Alex G Bell 2.pngHuman beings don’t like change, and they don’t like argument. They prefer to assume, whenever possible, that life will continue in a straight line. This preference is especially common in large companies. Change for them means having to develop new products and services, enter risky new markets, and have potentially awkward conversations with investors.

But we all know that change is inevitable, and that life doesn’t move in straight lines. We also know that companies who miss the moment to change can soon find their business model under major attack. Doing nothing is often the riskiest option. Just ask those who worked for once-great companies such as Hoechst, ICI, Union Carbide and others who now no longer exist.

Today, as the blog works with company boards around the world, it is clear that change is increasingly seen as inevitable:

• Many companies are now incorporating a demographic element in their Strategies and Budgets
• Immediately they study the topic, they realise the 25-year SuperCycle from 1983 is over
• Ageing populations in the West and China mean demand is becoming replacement-driven
• Equally, today’s heavy and increasing debt levels mean that people’s spending power is becoming limited as governments increase taxes and reduce benefits

But these companies are still a minority. The problem for the rest, as one senior executive told the blog, is that they avoid the issue and instead encourage ‘the tyranny of the majority’. Employees are discouraged from asking ‘uncomfortable questions’ and frozen out if they persist.

But this attitude will not change what is happening in the real world. Even policymakers are finally, and far too late, beginning to realise their policies have taken us in the wrong direction. Thus Finland’s central bank governor, Erkki Liikanen, has become the first western policymaker to warn:

“Along with rising public debt, the proportion of elderly people in Finland’s population will expand, creating a risk that Finland will drift onto a path of fading economic growth, persistently high unemployment and deteriorating public finances”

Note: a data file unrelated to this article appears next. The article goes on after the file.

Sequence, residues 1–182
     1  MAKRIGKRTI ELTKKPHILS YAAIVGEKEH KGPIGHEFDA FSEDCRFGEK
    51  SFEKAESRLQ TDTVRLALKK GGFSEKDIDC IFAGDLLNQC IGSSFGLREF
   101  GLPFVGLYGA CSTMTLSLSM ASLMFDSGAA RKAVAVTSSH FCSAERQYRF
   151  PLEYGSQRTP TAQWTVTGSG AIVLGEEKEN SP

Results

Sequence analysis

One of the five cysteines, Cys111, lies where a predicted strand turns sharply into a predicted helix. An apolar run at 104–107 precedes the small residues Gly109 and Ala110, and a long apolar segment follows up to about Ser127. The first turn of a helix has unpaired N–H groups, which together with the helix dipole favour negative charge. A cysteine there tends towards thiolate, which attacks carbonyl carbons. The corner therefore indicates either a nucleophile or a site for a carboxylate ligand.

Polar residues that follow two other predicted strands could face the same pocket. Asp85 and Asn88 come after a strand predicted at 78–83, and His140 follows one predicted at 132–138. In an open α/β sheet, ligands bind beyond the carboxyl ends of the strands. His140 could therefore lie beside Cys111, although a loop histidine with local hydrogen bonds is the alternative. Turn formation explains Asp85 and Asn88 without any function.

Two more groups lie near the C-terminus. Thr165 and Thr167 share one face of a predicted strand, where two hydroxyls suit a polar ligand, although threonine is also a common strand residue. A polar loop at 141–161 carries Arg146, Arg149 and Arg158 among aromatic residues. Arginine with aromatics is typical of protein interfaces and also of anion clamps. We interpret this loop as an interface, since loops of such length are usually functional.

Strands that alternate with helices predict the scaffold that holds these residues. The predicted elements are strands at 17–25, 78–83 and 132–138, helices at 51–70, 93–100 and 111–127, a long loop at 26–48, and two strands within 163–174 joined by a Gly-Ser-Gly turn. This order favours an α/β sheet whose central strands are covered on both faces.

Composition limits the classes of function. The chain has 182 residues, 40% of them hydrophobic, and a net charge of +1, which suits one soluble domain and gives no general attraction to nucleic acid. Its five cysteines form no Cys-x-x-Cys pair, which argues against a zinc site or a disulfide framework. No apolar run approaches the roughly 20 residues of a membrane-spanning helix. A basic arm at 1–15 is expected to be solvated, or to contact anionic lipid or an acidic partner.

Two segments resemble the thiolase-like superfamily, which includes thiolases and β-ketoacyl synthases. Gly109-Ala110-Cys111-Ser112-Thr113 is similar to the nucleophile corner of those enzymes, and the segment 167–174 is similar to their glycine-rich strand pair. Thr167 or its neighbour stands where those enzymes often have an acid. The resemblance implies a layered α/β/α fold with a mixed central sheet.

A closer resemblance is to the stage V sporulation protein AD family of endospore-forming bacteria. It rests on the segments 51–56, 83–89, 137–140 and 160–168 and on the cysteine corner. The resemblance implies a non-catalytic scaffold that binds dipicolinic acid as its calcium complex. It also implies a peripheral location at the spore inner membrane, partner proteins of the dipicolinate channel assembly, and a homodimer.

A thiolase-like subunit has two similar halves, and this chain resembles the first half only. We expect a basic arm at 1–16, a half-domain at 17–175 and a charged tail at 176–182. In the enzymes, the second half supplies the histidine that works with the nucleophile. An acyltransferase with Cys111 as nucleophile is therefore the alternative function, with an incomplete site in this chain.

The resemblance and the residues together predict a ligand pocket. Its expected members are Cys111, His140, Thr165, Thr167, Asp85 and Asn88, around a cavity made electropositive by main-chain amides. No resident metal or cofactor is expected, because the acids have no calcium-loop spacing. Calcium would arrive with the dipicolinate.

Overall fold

Equally Goldman Sachs, famous for their suggestion a decade ago that the BRIC countries were on a fast-track to Western living standards, have now warned:

“China has basically said goodbye to 8% GDP growth in spirit if not in statistics and will have to embrace slower growth, with the average annual growth rate in the next seven years to 2020 perhaps falling to the vicinity of 6%”.

Realistically, of course, 6% is more likely to be a ceiling rather than a floor, given the $tns of debt built up over the decade to finance its wasteful infrastructure and housing boom.

Chemical companies also face the threat of lower demand not just from lower spending, but from technical innovation. Bottles and packaging are becoming ever-thinner, due to developments in polymer engineering, whilst the shift from rigid packaging to pouches means less polymer is needed. Equally, ‘Smart Bottles’ can be 10-15% more efficient than traditional blow-moulding.

None of this means that the end of the world is about to happen. Instead it means that change is underway, and taking us in a new direction. As we move into Budget season, companies need to embrace this change and put into practice the wisdom of telephone inventor, Alexander Graham Bell:

“Sometimes we stare so long at a door that is closing, we seek too late the one that is open”